Treatise of Revolutionary Psychology: Mechanical Creatures
By no means can we deny that the Law of Recurrence processes itself in every moment of our life.
Indeed, repetition of events, states of consciousness, words, desires, thoughts, volitions, etc., exist in each day of our existence.
It is obvious that when one does not observe oneself, one cannot observe this incessant daily repetition.
It is evident that whosoever does not have any interest in observing himself also does not desire to work in order to achieve a true radical transformation.
To top it all off, there are people who want to transform themselves without working on themselves.
We do not deny the fact that each person has a right to the true happiness of the Spirit. Nonetheless, it is also true that such happiness would be more than impossible if we do not work on ourselves.
When one truly manages to modify his reactions against the diverse happenings that occur daily, one can then change intimately.
However, we could not change our way of reacting to the facts of practical life, if we do not work seriously upon ourselves.
We need to change our way of thinking. We need to be less negligent. We need to become more serious and to face life in a different manner. We need to face life in its real and practical sense.
However, if we continue the way we are, behaving the same way everyday, repeating the same errors, repeating the same negligence as always, then indeed any possibility of change will be eliminated.
If one truly wants to know oneself, one must then begin by observing his own conduct while facing the events of any day of his life.
We do not want to imply by this that one must not observe oneself daily. We only state that Self-observation begins with the first day that one starts observing oneself.
There must be a beginning in everything; thus, to start by observing our conduct in any given day of our life is a good beginning.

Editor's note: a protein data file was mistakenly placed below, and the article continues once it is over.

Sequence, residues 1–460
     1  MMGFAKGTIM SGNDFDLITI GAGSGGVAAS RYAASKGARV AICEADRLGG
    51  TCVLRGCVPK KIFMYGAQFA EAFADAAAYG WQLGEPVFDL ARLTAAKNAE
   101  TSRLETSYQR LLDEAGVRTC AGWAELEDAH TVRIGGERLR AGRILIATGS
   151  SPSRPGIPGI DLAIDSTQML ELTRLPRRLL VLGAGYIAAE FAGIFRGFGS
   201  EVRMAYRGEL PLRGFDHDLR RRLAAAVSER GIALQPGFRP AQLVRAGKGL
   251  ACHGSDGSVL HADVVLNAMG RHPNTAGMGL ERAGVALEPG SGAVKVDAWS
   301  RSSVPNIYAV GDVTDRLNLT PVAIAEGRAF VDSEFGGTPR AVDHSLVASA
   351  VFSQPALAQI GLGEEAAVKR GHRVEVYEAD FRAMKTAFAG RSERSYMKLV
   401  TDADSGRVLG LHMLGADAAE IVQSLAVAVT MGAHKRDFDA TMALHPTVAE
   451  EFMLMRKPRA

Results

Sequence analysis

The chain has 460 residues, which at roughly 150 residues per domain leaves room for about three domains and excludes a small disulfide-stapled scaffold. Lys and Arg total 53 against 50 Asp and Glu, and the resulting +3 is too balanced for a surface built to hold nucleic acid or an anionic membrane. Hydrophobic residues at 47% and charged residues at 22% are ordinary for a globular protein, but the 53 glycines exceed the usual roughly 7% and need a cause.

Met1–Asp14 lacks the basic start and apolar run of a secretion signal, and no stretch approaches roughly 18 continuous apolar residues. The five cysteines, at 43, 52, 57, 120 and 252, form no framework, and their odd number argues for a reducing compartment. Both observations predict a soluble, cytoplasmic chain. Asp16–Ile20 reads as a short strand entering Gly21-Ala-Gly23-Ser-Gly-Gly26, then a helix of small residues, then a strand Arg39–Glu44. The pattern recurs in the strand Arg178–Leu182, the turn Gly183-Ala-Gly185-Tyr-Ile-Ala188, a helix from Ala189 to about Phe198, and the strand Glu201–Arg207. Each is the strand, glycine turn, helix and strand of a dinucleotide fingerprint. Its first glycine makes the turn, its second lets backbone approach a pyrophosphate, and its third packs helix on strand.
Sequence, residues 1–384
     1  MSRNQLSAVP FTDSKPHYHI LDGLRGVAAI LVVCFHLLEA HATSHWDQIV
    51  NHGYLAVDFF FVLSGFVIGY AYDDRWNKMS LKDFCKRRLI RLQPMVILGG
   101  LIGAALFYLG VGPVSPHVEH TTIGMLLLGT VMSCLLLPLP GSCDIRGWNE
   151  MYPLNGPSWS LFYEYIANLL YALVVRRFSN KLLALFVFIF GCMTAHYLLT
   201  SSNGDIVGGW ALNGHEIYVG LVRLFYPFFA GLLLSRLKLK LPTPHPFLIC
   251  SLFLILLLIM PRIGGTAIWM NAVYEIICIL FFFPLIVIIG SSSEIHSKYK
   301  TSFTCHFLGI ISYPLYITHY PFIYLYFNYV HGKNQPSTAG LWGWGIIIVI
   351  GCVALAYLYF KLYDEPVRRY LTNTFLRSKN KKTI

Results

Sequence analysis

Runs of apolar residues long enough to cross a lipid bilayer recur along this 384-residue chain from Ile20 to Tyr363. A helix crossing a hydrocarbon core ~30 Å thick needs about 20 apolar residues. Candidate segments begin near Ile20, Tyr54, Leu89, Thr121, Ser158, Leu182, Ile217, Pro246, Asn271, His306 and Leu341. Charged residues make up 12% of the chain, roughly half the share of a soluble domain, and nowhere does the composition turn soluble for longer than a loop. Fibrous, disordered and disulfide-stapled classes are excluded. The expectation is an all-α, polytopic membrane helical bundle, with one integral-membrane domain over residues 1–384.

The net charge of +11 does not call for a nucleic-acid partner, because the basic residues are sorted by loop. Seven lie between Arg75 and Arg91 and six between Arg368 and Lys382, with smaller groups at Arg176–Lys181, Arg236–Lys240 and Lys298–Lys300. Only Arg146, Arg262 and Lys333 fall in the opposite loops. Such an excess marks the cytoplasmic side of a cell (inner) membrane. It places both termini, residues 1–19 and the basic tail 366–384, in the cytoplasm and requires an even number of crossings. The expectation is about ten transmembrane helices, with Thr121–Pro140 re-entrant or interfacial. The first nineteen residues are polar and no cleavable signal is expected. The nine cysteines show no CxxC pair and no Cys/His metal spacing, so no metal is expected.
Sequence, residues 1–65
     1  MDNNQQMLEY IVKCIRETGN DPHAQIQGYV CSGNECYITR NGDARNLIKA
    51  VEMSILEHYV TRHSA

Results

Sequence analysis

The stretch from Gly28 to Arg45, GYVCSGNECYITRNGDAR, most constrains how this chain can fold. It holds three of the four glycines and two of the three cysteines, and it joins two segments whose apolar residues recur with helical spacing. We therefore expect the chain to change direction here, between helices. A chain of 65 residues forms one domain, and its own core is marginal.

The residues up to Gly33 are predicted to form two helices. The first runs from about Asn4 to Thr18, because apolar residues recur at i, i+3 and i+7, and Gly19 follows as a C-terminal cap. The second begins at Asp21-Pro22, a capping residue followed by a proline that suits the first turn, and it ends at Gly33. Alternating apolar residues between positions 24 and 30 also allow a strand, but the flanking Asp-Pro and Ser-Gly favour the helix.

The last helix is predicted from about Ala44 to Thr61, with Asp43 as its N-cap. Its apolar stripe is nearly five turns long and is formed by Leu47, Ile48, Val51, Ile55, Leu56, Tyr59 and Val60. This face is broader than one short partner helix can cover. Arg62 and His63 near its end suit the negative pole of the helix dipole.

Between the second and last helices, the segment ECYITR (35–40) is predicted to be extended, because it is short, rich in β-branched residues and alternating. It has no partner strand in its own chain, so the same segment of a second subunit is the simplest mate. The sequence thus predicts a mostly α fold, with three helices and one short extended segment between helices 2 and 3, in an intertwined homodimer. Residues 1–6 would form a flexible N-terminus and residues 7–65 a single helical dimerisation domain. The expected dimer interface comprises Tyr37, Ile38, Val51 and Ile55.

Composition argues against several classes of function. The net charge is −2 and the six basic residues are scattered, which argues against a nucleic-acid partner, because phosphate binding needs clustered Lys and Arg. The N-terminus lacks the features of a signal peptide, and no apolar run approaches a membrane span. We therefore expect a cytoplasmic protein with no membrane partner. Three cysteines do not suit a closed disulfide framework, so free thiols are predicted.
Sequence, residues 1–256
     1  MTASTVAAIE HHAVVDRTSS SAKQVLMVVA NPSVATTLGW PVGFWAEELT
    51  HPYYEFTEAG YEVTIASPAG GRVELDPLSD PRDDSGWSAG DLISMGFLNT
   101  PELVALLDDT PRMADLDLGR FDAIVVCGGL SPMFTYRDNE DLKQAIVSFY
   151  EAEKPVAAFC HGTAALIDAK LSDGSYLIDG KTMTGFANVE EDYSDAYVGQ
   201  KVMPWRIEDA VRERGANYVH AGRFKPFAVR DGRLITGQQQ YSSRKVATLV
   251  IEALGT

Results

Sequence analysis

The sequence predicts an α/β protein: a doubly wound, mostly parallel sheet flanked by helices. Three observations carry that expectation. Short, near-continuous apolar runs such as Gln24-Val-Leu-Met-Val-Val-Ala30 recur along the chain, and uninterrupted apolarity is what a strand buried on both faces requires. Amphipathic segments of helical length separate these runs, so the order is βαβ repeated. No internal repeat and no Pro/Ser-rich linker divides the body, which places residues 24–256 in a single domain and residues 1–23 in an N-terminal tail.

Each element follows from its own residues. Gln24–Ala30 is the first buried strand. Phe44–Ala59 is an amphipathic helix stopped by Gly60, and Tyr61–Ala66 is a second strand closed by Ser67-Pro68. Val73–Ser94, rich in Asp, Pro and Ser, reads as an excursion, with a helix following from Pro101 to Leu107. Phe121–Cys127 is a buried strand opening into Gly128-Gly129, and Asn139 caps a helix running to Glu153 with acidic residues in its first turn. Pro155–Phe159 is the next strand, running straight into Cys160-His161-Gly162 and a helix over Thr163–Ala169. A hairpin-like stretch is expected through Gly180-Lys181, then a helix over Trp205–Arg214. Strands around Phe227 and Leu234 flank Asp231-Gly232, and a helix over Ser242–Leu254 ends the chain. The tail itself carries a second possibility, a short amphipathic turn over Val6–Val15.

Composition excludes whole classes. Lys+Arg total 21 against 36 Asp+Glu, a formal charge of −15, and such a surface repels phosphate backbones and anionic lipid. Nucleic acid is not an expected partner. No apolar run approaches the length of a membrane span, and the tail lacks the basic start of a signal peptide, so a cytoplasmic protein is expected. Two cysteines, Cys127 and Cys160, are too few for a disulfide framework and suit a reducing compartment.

Certainly, the most appropriate beginning is to observe our mechanical reactions when facing all those small details at home, in the bedroom, in the dining room, in the house, on the street, at work, etc., what we say, feel and think.
Then, what is important is to see how or in what manner we can change these mechanical reactions. However, we will never change if we think that we are good persons, that we never behave in an unconscious and mistaken manner.
First of all, we need to comprehend that we are machine-persons, simple marionettes controlled by secret agents, by hidden “I’s.”
Many people live inside of us; we are never identical. Sometimes, a selfish person manifests through us, other times an irritable person, in any other instant, a generous, benevolent person, later on a scandalous one, a slanderous person, afterwards a saint, then, a liar, etc.
Thus, inside of each one of us we have people of all types, “I’s” of all species. Our personality is nothing more than a marionette, a talking doll, something mechanical.
Let us start by acting consciously during a small portion of our day. We need to stop being simple machines, even if it is for at least a few brief daily minutes. This will have a decisive influence on our existence.
When we observe ourselves and do not do what this or that “I” wants us to do, then it is clear that we begin to stop being machines.
A single moment in which one is sufficiently conscious as to stop being a machine, if it is done with will, tends to radically modify many disagreeable circumstances.
Unfortunately, we live daily a mechanical, routine and absurd life. We repeat occurrences; our habits are the same; we never want to modify them. They are the mechanical tracks on which circulates the train of our miserable existence. Nevertheless, we think the best of ourselves.
“Megalomaniacs” abound everywhere. Those who think themselves to be Gods, nonetheless, are mechanical routine creatures, people from the mud of the earth, wretched dolls moved by diverse “I’s.” People like this will never work upon themselves.